By reading this book, any reader will have the context to understand how and why we got to where we are in 2020. Now to keep working together to build a better world. Like my dear husband told me last week, even when there are setbacks, we have to keep trying. We’re all worth it, aren’t we?

Whew, sorry I got so pedantic there. I’ve just been thinking a lot, here by myself. Now I will go to the convenient exercise room and do my walking. Indoors.

I’m Becoming Irritating

Rating: 5 out of 5.

Maybe it’s irritating; maybe it’s righteously indignant; maybe it’s newly awakened evangelism. Whatever it is, I can’t stop talking to all my friends about the Caste book I just read. I keep retelling the parts about the lynching postcards, Hitler’s use of the US as a model in how to de-humanize Jews, and the clear explanation of why poor whites identify more with powerful elites than to other poor people. Apparently, I have been deeply affected by Isabel Wilkerson’s scholarship, and I simply MUST share.

This woman is inspiring.

Have you ever read something that you can’t shut up about? I was recently that way about Nature’s Best Hope, which I begged everyone I knew to read (and at least I know all my Master Naturalist friends will read after hearing Doug Tallamy speak in person. I can remember being that excited over The Color Purple, too, as well as the first book on feminist spirituality I ever read. But, it doesn’t happen often, so forgive me, if you know me in person, if I keep going on and on about things the US has institutionalized to maintain an artificial difference between two groups of people.

These are the kinds of things that just get me angry at my fellow white people.

You will be either pleased or annoyed to know I just got Wilkerson’s first book, The Warmth of Other Suns, which is about the immigration history of the US. I can’t wait to learn which group of misfits gets scapegoated decade by decade. I’ll try to keep my enthusiasm to a dull roar, hee hee.

I’ve been thinking, though, about what gets me all riled up into a pile of agitated activism. It always seems to center around people or other living beings not being treated fairly. That’s what sparked my religious outrage in the past, nearly all of my strong political feelings, and my advocacy of child and animal welfare. None of us is ACTUALLY any better than anyone else, people, animals, plants, rocks, whatever. At least that’s what I’ve been socialized to believe.

Just shut me up. Hey, at least this stuff keeps me from dwelling on other things that annoy me. Yeah, Suna, just keep on shaking your fist at the status quo!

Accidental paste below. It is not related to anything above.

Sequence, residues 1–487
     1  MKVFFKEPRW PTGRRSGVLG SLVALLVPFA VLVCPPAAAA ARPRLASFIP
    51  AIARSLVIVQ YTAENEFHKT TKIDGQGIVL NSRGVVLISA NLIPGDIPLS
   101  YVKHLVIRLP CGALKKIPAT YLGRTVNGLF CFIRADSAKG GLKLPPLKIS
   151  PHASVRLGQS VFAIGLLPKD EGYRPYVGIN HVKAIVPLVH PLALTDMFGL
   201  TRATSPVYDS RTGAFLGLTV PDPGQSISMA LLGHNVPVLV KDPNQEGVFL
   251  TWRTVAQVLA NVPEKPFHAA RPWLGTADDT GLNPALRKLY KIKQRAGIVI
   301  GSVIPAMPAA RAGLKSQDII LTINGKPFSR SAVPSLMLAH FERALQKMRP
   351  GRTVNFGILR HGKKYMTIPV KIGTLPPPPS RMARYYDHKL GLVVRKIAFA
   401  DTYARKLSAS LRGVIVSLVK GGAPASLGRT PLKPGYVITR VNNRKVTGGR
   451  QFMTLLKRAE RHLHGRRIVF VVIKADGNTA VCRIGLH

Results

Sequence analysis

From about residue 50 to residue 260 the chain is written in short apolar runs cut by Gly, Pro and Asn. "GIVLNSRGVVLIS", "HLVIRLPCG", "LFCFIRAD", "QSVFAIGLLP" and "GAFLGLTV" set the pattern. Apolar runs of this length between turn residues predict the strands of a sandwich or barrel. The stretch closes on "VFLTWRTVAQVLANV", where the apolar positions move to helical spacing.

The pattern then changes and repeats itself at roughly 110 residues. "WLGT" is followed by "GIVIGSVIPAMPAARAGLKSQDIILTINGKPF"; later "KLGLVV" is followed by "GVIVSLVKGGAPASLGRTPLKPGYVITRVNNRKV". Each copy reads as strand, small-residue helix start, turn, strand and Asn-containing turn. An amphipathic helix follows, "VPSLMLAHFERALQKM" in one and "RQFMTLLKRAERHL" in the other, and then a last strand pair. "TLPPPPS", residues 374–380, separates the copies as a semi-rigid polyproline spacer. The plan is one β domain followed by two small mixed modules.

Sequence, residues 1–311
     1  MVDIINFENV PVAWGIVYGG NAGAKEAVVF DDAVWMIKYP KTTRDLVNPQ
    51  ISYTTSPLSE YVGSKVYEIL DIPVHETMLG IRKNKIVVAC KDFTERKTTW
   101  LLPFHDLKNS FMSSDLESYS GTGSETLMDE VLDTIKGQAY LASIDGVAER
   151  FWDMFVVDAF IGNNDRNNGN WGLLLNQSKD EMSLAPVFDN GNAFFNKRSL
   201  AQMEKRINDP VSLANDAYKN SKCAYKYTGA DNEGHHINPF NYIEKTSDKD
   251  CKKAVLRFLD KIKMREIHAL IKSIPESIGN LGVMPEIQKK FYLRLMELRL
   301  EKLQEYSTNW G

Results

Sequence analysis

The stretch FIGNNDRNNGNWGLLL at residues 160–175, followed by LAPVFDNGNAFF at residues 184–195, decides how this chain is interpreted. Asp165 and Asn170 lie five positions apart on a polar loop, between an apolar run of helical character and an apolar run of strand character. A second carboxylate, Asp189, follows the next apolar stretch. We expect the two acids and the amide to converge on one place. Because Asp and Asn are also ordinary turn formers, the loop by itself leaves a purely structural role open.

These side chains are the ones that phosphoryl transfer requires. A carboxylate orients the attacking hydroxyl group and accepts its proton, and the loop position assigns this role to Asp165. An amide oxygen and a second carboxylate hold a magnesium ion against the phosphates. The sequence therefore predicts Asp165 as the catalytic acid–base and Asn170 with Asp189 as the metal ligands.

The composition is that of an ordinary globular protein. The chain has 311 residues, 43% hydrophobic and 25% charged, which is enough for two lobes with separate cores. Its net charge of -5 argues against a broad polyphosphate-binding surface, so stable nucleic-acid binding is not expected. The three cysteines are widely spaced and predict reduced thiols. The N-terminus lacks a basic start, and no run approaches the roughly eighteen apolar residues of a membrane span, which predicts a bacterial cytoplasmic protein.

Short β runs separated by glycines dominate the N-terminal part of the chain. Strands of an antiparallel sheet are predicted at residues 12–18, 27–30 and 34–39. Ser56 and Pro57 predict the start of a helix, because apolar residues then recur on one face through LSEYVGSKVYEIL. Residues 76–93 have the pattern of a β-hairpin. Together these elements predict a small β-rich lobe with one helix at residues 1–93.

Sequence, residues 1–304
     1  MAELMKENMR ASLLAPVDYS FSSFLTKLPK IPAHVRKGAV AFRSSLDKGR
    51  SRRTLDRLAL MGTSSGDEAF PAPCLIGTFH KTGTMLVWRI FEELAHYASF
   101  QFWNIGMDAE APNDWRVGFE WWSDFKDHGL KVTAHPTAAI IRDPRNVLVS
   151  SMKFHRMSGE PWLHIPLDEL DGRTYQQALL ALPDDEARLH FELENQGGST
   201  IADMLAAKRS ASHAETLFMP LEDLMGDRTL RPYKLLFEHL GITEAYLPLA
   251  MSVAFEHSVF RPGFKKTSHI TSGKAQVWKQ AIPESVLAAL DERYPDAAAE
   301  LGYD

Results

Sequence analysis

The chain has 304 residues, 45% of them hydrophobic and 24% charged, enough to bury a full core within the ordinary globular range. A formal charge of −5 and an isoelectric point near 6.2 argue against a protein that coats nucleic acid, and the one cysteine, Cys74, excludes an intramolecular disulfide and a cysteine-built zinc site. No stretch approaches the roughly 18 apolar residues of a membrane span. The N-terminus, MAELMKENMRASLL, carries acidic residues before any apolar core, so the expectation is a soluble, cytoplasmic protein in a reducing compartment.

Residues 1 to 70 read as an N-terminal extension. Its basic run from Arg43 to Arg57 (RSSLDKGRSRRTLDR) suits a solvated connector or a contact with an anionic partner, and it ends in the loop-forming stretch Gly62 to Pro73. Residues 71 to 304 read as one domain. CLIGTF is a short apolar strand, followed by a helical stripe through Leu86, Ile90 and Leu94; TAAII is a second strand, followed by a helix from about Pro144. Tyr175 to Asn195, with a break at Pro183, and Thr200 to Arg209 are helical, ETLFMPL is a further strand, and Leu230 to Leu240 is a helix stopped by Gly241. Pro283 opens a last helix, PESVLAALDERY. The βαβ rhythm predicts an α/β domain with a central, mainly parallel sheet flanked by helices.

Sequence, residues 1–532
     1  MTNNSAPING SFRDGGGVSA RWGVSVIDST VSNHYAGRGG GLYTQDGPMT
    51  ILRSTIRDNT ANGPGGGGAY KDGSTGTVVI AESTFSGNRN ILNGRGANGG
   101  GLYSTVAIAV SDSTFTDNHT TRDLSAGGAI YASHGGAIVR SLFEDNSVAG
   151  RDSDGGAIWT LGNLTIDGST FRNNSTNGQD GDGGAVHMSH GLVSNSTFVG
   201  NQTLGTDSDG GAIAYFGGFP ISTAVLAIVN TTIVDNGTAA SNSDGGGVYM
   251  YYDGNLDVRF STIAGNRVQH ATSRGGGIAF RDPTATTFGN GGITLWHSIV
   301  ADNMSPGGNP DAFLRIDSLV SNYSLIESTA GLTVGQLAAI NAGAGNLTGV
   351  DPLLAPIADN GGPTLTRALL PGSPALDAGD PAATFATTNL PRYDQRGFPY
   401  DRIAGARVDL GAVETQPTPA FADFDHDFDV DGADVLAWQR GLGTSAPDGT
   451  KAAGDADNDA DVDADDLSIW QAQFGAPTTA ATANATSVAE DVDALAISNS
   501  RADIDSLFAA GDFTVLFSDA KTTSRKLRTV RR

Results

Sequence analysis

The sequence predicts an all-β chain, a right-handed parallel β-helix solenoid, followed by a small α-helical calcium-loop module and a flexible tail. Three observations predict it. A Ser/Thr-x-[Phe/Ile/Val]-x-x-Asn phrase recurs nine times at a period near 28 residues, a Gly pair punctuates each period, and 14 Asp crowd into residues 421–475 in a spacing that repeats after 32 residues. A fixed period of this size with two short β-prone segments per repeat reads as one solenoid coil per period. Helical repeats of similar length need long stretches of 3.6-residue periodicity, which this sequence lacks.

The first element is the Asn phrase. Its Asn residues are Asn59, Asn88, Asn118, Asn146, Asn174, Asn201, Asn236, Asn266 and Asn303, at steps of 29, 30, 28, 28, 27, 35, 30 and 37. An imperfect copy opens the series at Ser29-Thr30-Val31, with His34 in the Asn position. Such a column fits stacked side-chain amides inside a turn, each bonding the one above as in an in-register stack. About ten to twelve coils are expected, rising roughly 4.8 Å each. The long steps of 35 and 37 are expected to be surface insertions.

Thanks to all the reading I’ve done lately, though, I can see how other people come to view things differently. I may not think it’s right all the time, but it’s odd how learning about the treatment of minorities, indigenous people, and disfavored groups has led me to a better understanding of how desperately people cling to anything that lets them believe they are members of favored groups.

I’m still thinking. In the meantime, what book (or movie or television program) has led you to get all riled up and ready to take action about injustice?

Book Report: Caste – The Origins of Our Discontent

Rating: 5 out of 5.

Oh my. Here’s a book you probably should read. I guarantee you won’t “enjoy” it, but you may well be a better person for having read it. You know how they say there are things you can’t “un-see?” Well, this book hammers you with things that you won’t be able to “un-read” even if you want to.

I set it on a pretty backdrop.

I had to stop reading Caste: The Origins of Our Discontent, by Isabel Wilkerson, for a couple of weeks, because I was having nightmares about lynchings and beatings. I was ignorant of how many there were in the 20th century, as well as how people came to see the lynched people, took photos with them, and even sent postcards of it, until the Post Office banned them. Nightmare stuff. This was in my parents’ lifetime.

That’s just one example of what Wilkerson shares as she lays out the history and consequences of what she defines as the two-caste system in the US, which is unique to this country. Oh boy, makes me so not proud. Makes me sick.

Taking a break to breathe.